Renewable hydrogen production costs in Europe could fall to Eur2.50-Eur3.50/kg ($2.75-$3.85/kg) by 2030 but targets in the Eur1.50/kg range were "not manageable" in the timeframe, hydrogen investment fund Hy24 CEO Pierre-Etienne Franc said.
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Several hydrogen projects in Europe have ambitious targets to hit production costs of below Eur1.50/kg -- a price that would make low-carbon hydrogen cost competitive with conventional production -- with some aiming for that level by mid-2020s.
S&P Global Commodity Insights assessed the cost of producing renewable hydrogen via alkaline electrolysis in Europe at Eur13.42/kg ($14.96/kg) March 29 (Netherlands, including capital expenditure), based on month-ahead power prices.
"I don't believe the projects talking about green hydrogen at Eur1.5/kg in the next decade," Franc said in an interview with S&P Global March 28. "I don't think that's manageable."
Production costs of Eur3.50/kg and below would already be an "impressive move" that would be almost fully compensated by CO2 costs of about Eur100/mt, Franc said.
EU carbon allowance prices for the December 2022 contract were Eur80.81/mt on March 28, down from highs of over Eur95/mt in early February.
"Even if there is a premium" for renewable hydrogen, "it will set a new normal for green energy, which is bringing more than energy -- it's bringing quality and sustainability," Franc said.
Hydrogen was also critical for enabling the build-out of renewable-based power grids, he said.
"Hydrogen is not a tiny piece of a marginal niche market. It's an enabler of the energy transition to work properly globally," he said. "Hydrogen is fundamental to debottlenecking fully the renewables potential."
European energy security
Russia's military invasion of Ukraine and the resulting turmoil in global energy markets has exposed Europe's dependency on fuels and gases beyond just electricity, Franc said.
"This is where hydrogen comes into play, as it's the only low-carbon gas substitute in many segments," he said.
At 15 million mt of new hydrogen generation -- imported or locally generated -- the sector would be adding about 500 TWh of energy to the European mix, or around 10% of Russian imports.
"But if we look at the share of European energy use that is difficult to electrify, we probably need 3,000 TWh of hydrogen-based solutions -- which is six times the 2030 targets," he said.
The EU had two options to reach the required levels of hydrogen production, Franc said. The EU could develop a centralized agency to process large project support schemes, or it could simplify the rules for large state aid programs.
"The bottleneck is primarily on decision making, not on technology or on finance," he said.
European countries should also support downstream infrastructure projects to boost demand, Franc said, adding that passing the alternative fuels infrastructure regulation would be the best way to accelerate infrastructure rollout.
Franc said renewable hydrogen could be priced at Eur6-Eur8/kg at the pump by 2030, compared with typical pump prices for grey hydrogen above Eur10/kg.
He said production costs for renewable hydrogen would have to drop across the supply chain by about half, which was not as abrupt as the cost reduction in the renewables space in recent years.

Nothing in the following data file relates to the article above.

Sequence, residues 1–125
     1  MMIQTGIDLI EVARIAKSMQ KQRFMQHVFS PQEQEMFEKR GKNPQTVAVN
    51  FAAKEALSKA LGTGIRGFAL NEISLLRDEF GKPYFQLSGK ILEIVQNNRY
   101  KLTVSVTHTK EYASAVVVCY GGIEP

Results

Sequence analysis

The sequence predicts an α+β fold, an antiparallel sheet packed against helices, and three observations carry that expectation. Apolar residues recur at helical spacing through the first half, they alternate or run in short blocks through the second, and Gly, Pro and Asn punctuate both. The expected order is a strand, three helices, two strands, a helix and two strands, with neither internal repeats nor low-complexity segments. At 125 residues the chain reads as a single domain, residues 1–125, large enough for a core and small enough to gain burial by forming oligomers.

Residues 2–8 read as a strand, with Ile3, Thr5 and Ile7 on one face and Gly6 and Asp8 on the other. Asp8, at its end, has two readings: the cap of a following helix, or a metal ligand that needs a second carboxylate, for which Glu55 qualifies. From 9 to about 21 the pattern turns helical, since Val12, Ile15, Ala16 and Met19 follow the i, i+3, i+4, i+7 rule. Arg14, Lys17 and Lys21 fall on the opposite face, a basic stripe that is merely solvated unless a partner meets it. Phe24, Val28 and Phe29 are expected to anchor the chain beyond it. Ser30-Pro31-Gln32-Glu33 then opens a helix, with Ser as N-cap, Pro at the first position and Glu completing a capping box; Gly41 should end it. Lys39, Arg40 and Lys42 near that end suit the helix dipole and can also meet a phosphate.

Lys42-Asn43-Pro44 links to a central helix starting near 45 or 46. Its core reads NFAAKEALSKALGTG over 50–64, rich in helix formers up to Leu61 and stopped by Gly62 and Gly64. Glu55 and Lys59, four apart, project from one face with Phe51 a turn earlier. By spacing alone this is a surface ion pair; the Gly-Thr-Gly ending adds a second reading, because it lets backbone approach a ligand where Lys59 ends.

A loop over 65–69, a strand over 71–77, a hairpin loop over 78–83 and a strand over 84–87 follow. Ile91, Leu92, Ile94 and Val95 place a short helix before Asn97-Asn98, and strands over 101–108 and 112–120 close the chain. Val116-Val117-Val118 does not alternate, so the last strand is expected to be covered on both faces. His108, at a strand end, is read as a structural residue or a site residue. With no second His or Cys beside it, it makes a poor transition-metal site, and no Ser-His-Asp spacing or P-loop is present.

"There's no chance for transport decarbonization without hydrogen," he said, highlighting its role in decarbonizing trucks, trains, shipping and possibly aviation.
The EU has committed to deploying hydrogen refueling stations every 150 km along the core European road network. But there was no mechanism to support this, according to Franc.
He said the EU and member states should look at minimum capacity payments to enable the development of hydrogen refueling stations in early stages.
The Hy24 fund is a joint venture between private investment house Ardian and FiveT Hydrogen.
Franc set up FiveT Hydrogen in 2021 after leaving Air Liquide, where he managed the company's hydrogen energy business unit.
The fund, which is focused on larger hydrogen projects, aims to take stakes of typically up to 30% by making investments of about Eur30 million to Eur150 million.
Hy24, on March 29, invested Eur70 million in German hydrogen refueling station network H2 Mobility Deutschland, which has over 90 stations and aims to expand to 300 by 2030.
The fund aims to deploy a total of Eur1.8 billion. Franc said it is close to achieving that level.
He said Hy24 could support up to Eur15 billion of hydrogen projects with such funds with other partners.
Leading investment decisions with large amounts of money had encouraged other funds to come into the hydrogen space too, according to Franc. The fund's strategy is to invest in key pieces of emerging infrastructure.
"We are building the assets that in 10 years will be the key assets of a port, or a network, or the distribution system for hydrogen, pipelines, export or import projects," Franc said.
The fund will mostly focus on new projects through the development stage, before selling assets on to other parties for ongoing operations.
The fund's key criteria for making investments include having an offtaker lined up for hydrogen production and technology readiness. Hy24 was willing to take some risks associated with scaling established technology.
Franc was not concerned about the lack of projects in Europe that had taken final investment decisions though, saying Hy24 would trigger such investment decisions.
Franc said Hy24 would not invest in fossil fuel-based hydrogen projects with carbon capture and storage.
"We are not going to invest in gas-based hydrogen -- that doesn't make sense with a view for the transition," he said. "You have to move to green for that. It's really a fund focused on greening the system and developing green use for hydrogen."